Microtubule-Based Control of Motor-Clutch System Mechanics in Glioma Cell Migration

Louis S. Prahl, Patrick F. Bangasser, Lauren E. Stopfer, Mahya Hemmat, Forest M. White, Steven S. Rosenfeld, David J. Odde

Research output: Contribution to journalArticlepeer-review

10 Scopus citations


Microtubule-targeting agents (MTAs) are widely used chemotherapy drugs capable of disrupting microtubule-dependent cellular functions, such as division and migration. We show that two clinically approved MTAs, paclitaxel and vinblastine, each suppress stiffness-sensitive migration and polarization characteristic of human glioma cells on compliant hydrogels. MTAs influence microtubule dynamics and cell traction forces by nearly opposite mechanisms, the latter of which can be explained by a combination of changes in myosin motor and adhesion clutch number. Our results support a microtubule-dependent signaling-based model for controlling traction forces through a motor-clutch mechanism, rather than microtubules directly relieving tension within F-actin and adhesions. Computational simulations of cell migration suggest that increasing protrusion number also impairs stiffness-sensitive migration, consistent with experimental MTA effects. These results provide a theoretical basis for the role of microtubules and mechanisms of MTAs in controlling cell migration. Prahl et al. examine the mechanisms by which microtubule-targeting drugs inhibit glioma cell migration. They find that dynamic microtubules regulate actin-based protrusion dynamics that facilitate cell polarity and migration. Changes in net microtubule assembly alter cell traction forces via signaling-based regulation of a motor-clutch system.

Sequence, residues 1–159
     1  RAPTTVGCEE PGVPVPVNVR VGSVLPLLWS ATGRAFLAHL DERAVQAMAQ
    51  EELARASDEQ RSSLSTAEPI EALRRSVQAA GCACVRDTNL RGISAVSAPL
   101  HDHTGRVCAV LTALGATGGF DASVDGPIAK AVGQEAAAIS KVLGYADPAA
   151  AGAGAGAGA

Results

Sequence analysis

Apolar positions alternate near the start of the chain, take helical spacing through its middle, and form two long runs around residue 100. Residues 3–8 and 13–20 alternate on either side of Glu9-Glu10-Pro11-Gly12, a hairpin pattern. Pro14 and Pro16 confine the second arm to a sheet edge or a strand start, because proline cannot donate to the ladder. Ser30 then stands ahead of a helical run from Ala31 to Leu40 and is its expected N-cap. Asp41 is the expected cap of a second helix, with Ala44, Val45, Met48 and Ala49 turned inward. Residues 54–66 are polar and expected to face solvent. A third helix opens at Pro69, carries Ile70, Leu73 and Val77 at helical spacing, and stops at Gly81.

Original languageEnglish (US)
Pages (from-to)2591-2604.e8
JournalCell reports
Issue number9
StatePublished - Nov 27 2018


  • actin
  • cell migration
  • computational modeling
  • cytoskeletal crosstalk
  • mechanotransduction
  • microtubule
  • microtubule-targeting agent
  • paclitaxel
  • receptor tyrosine kinase
  • vinblastine

ASJC Scopus subject areas

  • Biochemistry, Genetics and Molecular Biology(all)


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